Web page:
As Egypt marked the 60th anniversary of the 23 July 1952 revolution Monday, President Mohamed Morsy suggested that the event failed to achieve democracy.
In a speech aired by state TV late Sunday, Morsy said the July 1952 revolution represented a turning point in his country’s history, but that it failed to achieve some of its objectives, including the establishment of a democratic system.
Morsy added that the 1952 revolution had aimed to establish social justice and well-advised development, but did not accomplish other goals related to democracy and freedoms, which then failed to develop throughout subsequent regimes.
Morsy is a former member of the Muslim Brotherhood, which was frequently at odds with the new regime in the first few years after the 1952 revolution.
Morsy’s speech came on the heels of a heated debate that occurred when the April 6 Youth Movement called for the cancellation of all festivities celebrating the 1952 revolution, and said it would stage protests against the military. The military responded in a Facebook statement Sunday, calling criticism of the 1952 revolution “delusional.”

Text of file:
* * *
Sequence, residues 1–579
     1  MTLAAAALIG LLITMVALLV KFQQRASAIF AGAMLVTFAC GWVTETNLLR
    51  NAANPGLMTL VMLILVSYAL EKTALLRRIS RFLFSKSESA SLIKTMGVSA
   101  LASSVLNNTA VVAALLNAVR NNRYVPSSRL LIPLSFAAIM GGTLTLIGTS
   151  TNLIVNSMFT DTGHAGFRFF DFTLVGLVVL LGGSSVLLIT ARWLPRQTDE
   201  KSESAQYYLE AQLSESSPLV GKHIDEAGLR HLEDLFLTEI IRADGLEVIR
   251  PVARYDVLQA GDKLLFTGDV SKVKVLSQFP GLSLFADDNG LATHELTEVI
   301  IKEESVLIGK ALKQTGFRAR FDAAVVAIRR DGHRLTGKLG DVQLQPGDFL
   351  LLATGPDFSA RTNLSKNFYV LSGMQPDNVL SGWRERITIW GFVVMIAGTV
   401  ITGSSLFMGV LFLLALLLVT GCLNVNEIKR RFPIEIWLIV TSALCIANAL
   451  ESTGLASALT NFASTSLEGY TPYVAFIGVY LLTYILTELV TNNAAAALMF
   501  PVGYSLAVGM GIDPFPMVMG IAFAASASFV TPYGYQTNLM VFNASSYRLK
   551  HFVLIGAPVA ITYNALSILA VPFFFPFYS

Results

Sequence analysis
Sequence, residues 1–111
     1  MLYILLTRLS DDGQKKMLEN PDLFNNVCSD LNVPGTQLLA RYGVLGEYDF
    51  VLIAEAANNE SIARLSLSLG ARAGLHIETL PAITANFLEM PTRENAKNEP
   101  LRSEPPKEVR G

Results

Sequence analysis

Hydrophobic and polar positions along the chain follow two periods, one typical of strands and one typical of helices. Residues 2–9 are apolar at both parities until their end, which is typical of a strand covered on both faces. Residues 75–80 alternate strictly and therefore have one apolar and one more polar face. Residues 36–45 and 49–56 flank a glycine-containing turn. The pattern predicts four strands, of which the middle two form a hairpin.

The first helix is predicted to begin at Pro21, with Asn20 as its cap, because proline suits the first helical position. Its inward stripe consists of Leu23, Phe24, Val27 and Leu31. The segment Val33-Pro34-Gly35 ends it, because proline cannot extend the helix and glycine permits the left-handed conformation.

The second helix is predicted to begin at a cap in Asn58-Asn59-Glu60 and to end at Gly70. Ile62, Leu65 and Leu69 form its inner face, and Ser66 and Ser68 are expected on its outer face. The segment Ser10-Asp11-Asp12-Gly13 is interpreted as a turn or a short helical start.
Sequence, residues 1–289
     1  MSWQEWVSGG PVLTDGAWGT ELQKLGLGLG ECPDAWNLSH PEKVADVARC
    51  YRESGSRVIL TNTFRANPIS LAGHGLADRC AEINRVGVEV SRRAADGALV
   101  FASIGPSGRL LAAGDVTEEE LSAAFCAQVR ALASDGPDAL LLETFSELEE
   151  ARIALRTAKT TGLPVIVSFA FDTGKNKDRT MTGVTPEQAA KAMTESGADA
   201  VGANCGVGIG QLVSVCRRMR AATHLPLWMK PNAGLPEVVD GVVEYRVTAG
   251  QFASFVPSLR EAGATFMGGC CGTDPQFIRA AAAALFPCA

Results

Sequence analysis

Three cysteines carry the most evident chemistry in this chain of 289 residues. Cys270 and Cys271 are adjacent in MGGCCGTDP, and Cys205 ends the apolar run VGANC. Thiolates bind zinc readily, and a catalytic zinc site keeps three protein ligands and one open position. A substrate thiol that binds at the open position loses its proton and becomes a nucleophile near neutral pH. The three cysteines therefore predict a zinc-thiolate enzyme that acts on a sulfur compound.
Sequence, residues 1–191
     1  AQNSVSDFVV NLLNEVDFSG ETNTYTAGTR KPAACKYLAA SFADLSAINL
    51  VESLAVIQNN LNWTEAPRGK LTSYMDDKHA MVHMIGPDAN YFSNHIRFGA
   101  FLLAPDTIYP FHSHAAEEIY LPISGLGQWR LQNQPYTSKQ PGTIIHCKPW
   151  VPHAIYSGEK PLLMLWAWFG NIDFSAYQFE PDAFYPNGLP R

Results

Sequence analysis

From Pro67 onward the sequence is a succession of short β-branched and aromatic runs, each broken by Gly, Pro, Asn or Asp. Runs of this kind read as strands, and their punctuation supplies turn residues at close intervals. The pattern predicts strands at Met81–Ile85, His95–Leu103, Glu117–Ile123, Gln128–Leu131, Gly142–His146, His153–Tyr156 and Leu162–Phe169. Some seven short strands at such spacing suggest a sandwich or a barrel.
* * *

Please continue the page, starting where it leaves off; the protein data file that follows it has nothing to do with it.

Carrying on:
In July 1952, a military faction called the Free Officers staged a coup d’etat that toppled the monarchy and established a republic. The group included former presidents Gamal Abdel Nasser and Anwar Sadat.
Egypt remained under the rule of presidents with military backgrounds until Morsy’s election last month.
Since the 1952 revolution, the military has controlled top government posts and gained considerable economic clout through its holdings, which include construction companies, gas stations, farms and bottling facilities. Civilian oversight of the military has been one of the demands of revolutionary groups.
“If someone wants to go out 23 July, they should ask for the end of military rule and not go out and celebrate the military junta’s revolution and the continuation of military rule,” wrote April 6 movement co-founder Ahmed Maher.